EMERGENCY riot squads will be rolled out in Victorian youth detention centres as part of a security beef-up after a rise in attacks on guards.
From tomorrow officers trained to respond to full-scale emergencies, hostage negotiations and violent attacks will be placed in the centres.
The timely move comes after three brutal staff assaults in the past month and coincides with calls from the union for more security on the inside.
A guard was taken to hospital with a fractured skull last Sunday night after he was king-hit by two youths, who then kicked and stomped on his head while he was unconscious.
On July 5 a worker had his throat slashed and a female staff member was held hostage with a shiv during an escape attempt by four youths.
The stand-off between the youths and staff lasted another 2 1/2 hours.
Further reports – released under Freedom of Information laws – show the large cache of weapons smuggled into youth prisons since January 2010, including knives and wooden planks with nails poking out.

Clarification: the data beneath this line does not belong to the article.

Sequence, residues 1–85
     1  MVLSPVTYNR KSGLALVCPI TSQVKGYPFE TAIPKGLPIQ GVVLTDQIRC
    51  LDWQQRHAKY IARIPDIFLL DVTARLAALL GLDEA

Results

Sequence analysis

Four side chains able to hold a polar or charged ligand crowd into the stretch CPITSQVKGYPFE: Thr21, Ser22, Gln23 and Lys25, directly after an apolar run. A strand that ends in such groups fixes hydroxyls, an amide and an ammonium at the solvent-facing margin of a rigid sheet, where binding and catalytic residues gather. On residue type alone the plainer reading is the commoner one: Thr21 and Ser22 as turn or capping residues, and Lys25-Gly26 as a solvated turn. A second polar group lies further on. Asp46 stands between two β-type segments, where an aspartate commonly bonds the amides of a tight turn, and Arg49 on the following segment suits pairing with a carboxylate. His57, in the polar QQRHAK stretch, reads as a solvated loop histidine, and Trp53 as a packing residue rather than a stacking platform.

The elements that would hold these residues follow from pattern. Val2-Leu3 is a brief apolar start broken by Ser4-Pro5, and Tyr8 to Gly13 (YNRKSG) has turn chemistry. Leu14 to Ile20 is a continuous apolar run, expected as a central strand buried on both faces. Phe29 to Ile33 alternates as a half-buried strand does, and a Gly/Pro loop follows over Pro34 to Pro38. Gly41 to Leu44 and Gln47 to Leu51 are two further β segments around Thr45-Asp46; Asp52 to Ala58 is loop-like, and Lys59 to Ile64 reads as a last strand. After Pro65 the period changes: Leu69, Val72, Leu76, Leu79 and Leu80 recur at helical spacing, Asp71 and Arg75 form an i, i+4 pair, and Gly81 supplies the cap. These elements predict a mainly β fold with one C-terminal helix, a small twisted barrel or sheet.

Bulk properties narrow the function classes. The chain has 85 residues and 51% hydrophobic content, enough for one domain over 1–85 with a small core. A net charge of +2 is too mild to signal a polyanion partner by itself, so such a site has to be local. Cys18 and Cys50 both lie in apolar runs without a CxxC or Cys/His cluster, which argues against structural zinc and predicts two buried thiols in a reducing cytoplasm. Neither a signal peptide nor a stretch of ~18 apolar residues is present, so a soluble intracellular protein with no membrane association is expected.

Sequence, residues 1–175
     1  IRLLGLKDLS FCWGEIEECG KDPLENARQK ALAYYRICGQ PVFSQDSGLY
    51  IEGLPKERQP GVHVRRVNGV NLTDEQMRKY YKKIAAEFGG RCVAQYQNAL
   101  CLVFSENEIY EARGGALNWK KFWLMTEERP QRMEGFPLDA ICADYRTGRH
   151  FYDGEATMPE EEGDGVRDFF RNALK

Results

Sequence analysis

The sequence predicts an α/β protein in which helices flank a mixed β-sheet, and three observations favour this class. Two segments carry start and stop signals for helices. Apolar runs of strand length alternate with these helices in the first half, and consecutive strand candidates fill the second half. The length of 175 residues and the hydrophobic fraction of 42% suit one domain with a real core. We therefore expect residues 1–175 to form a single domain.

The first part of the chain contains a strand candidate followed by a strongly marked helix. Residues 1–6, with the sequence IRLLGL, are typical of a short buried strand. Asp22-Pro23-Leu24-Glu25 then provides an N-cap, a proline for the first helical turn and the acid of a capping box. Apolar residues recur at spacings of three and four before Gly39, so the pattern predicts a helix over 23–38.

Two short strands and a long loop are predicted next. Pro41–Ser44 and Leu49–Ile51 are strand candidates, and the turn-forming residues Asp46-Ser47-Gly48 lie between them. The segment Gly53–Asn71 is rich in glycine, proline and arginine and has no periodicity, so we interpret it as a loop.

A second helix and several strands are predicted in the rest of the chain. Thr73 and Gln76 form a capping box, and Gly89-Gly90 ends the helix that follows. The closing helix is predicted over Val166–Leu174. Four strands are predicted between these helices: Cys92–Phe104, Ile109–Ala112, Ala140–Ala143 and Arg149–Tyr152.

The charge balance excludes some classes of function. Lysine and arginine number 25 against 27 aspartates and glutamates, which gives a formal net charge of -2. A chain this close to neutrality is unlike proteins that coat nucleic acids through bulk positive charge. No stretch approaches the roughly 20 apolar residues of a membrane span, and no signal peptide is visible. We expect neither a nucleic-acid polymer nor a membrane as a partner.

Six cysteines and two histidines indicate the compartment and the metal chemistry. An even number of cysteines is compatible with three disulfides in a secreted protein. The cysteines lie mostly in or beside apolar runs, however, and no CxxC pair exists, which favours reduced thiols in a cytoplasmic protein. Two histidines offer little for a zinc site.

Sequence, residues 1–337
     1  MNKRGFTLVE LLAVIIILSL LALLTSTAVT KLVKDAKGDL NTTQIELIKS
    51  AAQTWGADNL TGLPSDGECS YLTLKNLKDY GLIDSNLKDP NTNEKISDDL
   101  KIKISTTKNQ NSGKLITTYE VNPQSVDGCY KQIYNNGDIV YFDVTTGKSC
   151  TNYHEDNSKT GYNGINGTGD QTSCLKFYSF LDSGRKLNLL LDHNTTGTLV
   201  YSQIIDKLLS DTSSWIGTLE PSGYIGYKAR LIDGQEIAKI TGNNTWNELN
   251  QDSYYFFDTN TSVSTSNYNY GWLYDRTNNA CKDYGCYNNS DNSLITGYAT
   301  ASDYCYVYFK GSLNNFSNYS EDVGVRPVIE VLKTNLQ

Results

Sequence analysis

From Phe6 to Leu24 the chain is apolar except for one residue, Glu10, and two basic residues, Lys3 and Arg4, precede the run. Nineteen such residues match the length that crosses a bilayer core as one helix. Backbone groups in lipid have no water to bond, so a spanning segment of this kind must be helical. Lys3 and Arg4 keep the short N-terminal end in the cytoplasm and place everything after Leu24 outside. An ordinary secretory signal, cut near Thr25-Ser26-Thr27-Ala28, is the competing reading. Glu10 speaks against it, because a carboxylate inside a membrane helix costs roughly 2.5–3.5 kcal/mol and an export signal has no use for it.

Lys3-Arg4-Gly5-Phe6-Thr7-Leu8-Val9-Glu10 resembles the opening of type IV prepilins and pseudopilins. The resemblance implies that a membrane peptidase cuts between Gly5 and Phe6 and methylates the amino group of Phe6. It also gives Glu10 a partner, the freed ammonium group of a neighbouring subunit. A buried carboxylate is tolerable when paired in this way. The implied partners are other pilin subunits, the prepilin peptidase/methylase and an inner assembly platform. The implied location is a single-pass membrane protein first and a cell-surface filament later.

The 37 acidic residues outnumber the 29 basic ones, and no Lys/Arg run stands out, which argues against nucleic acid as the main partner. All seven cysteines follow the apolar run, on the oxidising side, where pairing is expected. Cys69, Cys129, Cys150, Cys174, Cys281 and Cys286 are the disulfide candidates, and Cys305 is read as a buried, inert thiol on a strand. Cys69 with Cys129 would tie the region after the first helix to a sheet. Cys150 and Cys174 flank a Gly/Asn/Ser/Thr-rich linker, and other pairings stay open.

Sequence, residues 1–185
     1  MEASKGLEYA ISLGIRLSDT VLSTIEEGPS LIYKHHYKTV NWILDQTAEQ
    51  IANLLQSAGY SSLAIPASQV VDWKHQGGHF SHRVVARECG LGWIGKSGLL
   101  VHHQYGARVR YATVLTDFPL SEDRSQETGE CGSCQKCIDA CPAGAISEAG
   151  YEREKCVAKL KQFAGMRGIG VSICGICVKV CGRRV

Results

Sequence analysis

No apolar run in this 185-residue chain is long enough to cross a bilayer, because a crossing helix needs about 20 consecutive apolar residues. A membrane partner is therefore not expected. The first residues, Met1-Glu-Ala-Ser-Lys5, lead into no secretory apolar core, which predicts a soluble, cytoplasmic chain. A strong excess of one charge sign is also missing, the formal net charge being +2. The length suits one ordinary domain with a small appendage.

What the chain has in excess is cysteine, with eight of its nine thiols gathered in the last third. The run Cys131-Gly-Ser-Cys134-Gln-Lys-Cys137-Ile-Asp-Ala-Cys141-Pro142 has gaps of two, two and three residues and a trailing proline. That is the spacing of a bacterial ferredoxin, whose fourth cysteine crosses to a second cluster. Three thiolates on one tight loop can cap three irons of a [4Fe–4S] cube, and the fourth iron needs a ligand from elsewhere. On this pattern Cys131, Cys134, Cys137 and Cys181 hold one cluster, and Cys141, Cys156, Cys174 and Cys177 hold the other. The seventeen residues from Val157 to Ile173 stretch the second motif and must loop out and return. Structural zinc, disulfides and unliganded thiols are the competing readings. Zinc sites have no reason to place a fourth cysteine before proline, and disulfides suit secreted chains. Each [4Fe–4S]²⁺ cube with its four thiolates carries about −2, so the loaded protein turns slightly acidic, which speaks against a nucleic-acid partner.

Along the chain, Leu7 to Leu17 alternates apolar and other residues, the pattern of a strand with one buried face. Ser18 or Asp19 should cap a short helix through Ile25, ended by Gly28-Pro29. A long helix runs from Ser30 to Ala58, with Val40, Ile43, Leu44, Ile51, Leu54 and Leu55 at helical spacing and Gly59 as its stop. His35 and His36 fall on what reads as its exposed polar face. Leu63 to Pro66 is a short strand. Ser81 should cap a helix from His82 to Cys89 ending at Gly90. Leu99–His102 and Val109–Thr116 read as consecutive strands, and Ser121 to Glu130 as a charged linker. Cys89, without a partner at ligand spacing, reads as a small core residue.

Up to 90 per cent of the 177 teens held in Victoria are serving sentences for violent crimes.
They range from 10 to 20- years-old and include 11 females who have committed serious crimes such as murder, burglary and assault.
Community and Public Sector Union assistant branch secretary Jim Walton welcomed the emergency response squad.
“There has clearly been a spike of incidents in the past couple of weeks,” he said.
“For the first time in a decade people are saying they are afraid to come to work.”
The Safety and Emergency Response unit will be fully deployed by November.